Young, incarcerated people, sexual health and rights
Young people and incarcerated people are two vulnerable groups regarding sexual health and rights (WHO Citation2015; Wise et al. Citation2019). Being young and incarcerated places individuals in a vulnerable position, and access to knowledge through sexuality and relationships education (henceforth SE) is a sexual right with support in various policies (Public Health Agency of Sweden Citation2021; Starrs et al. Citation2018). This article explores how rights-based SE aimed at young men in Swedish jails and prisons was experienced by the educators providing it, and by the prison staff present during it.
Despite consensus concerning young and incarcerated people’s vulnerability (WHO Citation2015; Wise et al. Citation2019), research on sexual health in prison environments is scarce. In a recent review, Horley (Citation2019) claims that this absence may be caused by the taboo around sexuality research in general and the methodological challenges of reaching people in secluded environments. Research on sexual health among young men in prisons and jails in Sweden is also limited. No national survey on young people and sexual health has included members of this hard-to-reach subgroup. However, one interview study has explored experiences of sexuality and relationships among seven heterosexual men (aged 29 to 55) with long sentences in Swedish prisons (Ivezic Citation2015, Citation2018). The men expressed difficulty maintaining these relationships and initiating new ones. They reported how prison staff did not actively discuss sexuality or sexual relations. Rather, they used rules to regulate and control sexuality, for example access to pornography. In another interview study, eight adult men were interviewed on risks for HIV transmission in Swedish prisons. The findings reveal risky behaviour, including shared injection equipment, unprotected sex, and secrecy around HIV status while in prison (Lindbom, Larsson, and Agardh Citation2017).
International research describing sexual health interventions aimed at young men in prisons exist but tends to have a narrow medical or public health focus: e.g. by aiming to prevent transmission of HIV and other STIs in various sub-groups such as men who have sex with men and men who have sex with men and women (e.g., Li et al. Citation2018; Wiersema et al. Citation2019; Williams et al. Citation2018). Research using a rights-based approach to sexual health in prisons (i.e., not limited to safer sex interventions) is difficult to identify, but a recently published UK study exists, in which 14 young men were co-producers of a web-based intervention for sexual health promotion among incarcerated young men (Templeton, Kelly, and Lohan Citation2019). The use of a rights-based approach ensured incarcerated young men’s voices could be heard in the development of services that were relevant for them, with service providers being seen as duty-bearers. Four mechanisms for supporting rights-holders were identified: a designated-listener aware of the situation of rights-holders and duty-bearers and who seeks to build the capacity of both; framing sexual health issues in relation to national and international law and legislation; advocacy by duty-bearers on behalf of rights-holders with limited voice; and participation and empowerment of rights-holders to help themselves (Templeton, Kelly, and Lohan Citation2019).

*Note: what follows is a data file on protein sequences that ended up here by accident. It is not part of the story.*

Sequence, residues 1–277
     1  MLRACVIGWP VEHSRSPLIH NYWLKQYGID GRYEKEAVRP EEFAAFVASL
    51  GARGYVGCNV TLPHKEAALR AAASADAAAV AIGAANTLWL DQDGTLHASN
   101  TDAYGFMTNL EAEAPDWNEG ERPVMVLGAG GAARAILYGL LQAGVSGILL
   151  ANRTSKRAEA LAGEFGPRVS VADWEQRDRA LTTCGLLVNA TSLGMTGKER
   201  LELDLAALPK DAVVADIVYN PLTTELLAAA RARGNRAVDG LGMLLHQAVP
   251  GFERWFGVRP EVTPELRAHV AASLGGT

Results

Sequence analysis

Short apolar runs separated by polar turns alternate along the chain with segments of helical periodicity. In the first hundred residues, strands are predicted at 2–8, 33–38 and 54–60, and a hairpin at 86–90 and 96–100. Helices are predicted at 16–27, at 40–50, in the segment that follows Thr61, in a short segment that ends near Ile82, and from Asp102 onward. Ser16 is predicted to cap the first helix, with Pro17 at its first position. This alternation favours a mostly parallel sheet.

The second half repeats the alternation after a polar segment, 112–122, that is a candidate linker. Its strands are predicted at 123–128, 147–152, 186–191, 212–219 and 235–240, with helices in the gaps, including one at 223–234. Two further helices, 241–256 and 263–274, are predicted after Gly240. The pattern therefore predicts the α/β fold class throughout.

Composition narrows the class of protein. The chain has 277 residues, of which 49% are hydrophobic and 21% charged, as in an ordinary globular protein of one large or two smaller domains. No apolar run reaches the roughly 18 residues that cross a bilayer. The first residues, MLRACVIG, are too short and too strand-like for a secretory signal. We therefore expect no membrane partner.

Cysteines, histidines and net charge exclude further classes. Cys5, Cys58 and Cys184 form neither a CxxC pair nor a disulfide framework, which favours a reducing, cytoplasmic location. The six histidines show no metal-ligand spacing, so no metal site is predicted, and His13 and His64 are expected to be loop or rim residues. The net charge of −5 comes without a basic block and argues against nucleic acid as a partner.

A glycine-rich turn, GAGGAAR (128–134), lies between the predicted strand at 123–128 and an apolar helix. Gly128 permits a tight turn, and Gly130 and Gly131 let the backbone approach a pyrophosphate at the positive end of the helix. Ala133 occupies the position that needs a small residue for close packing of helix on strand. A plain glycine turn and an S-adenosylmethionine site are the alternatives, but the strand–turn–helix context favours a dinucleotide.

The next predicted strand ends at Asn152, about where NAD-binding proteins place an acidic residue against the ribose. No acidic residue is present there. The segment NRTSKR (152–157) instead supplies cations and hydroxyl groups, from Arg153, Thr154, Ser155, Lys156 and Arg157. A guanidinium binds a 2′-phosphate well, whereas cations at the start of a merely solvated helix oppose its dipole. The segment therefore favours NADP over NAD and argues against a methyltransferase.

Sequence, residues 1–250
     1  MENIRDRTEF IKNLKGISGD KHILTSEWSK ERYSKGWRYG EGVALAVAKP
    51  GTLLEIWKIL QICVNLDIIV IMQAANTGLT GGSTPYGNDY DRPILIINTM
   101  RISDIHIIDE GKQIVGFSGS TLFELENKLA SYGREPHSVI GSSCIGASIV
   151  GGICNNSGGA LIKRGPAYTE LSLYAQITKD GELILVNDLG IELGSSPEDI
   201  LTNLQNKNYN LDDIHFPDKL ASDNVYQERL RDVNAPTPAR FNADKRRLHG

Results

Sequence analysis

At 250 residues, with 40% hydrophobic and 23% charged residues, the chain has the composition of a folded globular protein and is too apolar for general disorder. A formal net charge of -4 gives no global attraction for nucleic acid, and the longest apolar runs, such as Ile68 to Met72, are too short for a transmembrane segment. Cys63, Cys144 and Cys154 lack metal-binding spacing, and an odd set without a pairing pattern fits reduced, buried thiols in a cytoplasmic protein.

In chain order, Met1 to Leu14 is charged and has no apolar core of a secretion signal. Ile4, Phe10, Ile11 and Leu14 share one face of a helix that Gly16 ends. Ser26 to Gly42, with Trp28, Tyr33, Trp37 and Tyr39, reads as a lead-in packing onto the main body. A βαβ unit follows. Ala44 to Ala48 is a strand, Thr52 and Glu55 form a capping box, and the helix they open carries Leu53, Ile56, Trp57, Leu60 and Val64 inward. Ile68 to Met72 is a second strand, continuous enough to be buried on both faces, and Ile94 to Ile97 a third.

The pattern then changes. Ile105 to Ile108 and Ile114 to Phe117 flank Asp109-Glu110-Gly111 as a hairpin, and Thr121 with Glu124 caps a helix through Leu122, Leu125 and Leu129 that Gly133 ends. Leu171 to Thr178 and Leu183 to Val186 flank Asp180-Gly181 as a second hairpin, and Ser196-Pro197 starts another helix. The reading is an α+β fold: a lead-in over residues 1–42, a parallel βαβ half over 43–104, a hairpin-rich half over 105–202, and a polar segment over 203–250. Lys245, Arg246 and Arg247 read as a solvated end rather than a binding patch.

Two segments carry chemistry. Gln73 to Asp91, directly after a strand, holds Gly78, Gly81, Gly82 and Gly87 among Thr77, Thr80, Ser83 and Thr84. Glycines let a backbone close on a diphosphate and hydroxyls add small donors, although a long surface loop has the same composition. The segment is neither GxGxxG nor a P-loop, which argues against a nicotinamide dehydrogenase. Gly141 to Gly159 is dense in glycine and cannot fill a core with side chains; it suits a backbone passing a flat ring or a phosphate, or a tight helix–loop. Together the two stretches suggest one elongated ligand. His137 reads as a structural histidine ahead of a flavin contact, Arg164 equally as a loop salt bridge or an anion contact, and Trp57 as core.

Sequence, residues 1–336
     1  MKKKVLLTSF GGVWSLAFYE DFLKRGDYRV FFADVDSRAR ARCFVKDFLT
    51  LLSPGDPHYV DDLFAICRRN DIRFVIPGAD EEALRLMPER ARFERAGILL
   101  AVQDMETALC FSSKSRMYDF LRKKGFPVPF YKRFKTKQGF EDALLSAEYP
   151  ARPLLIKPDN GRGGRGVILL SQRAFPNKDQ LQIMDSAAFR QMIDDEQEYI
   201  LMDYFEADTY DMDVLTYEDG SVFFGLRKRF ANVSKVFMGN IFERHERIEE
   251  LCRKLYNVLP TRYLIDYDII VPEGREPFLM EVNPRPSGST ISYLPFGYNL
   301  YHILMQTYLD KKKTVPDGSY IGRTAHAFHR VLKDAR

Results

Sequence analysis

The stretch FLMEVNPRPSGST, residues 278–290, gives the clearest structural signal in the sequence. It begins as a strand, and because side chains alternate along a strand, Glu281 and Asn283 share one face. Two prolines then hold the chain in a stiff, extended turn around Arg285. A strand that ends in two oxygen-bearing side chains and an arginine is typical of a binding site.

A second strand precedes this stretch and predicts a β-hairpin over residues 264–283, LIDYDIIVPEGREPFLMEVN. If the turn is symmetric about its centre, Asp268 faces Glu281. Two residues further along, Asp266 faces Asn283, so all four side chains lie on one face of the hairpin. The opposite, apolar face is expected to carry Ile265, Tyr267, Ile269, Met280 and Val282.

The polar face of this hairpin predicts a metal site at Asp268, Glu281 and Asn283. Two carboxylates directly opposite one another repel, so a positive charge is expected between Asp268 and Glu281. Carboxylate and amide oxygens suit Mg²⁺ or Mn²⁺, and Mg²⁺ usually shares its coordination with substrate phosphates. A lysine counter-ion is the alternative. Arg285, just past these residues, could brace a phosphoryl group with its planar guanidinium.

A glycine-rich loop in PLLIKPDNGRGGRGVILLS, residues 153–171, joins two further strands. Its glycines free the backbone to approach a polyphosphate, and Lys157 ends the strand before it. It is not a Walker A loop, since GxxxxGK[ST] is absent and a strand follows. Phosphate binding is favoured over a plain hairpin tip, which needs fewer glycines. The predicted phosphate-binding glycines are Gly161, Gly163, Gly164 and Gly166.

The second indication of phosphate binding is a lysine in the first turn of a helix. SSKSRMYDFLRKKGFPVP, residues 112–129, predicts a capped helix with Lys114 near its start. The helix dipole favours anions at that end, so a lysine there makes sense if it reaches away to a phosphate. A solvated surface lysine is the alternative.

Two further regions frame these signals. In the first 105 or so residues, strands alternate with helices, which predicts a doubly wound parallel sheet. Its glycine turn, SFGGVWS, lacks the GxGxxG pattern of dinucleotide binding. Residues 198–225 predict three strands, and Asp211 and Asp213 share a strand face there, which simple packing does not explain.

Rights-based and holistic SE with young people
In line with the work of Templeton, Kelly, and Lohan (Citation2019), we see educators as duty-holders in relation to the people they provide SE to. Depending on the national or cultural context, educators may be expected to provide various forms of SE, and the politics of knowledge production are always at play within this process, especially concerning what comprehensive SE involves, for whom, when and where (Miedema, Le Mat, and Hague Citation2020). Holistic SE, as opposed to comprehensive SE, seeks to advance a critical perspective on dominant discourses, and challenge many of the negative connotations associated with youth sexuality (Miedema, Le Mat, and Hague Citation2020). In consequence, the concept of holistic SE is used in this article to frame a rights-based approach targeting young people.
SE is not only provided in school settings, but in a variety of other contexts such as health care and social work. However, education on how to promote sexual and reproductive health and rights (SRHR) is only minimally provided in higher educational programmes in law, midwifery, nursing, occupational therapy, physiotherapy, police work, psychology, social work, and undergraduate medicine (Areskoug-Josefsson et al. Citation2019). This can lead to a lack of knowledge and competence to work on sexual health and rights. The readiness of prison staff (as duty-holders in relation to SRHR), for whom higher education is not always a requirement, is equally insufficient. Lack of professional competence can create a culture of silence regarding the sexuality of young people in institutional settings (Lindroth Citation2021). Correspondingly, Stevens (Citation2017) describe a culture of denial among both prison authorities and staff regarding sexual activity between adults in prisons. This collective unwillingness to acknowledge and engage with both consensual and non-consensual sex is harmful for those who choose to engage in, or are coerced into, sex in prison (Stevens Citation2017). Baćak et al. (Citation2018) draw attention not only to existence of sexual activity but also the over-representation of same sex attracted/practising individuals in prisons and call for acknowledgement of their wider needs since incarceration itself is disadvantageous to health.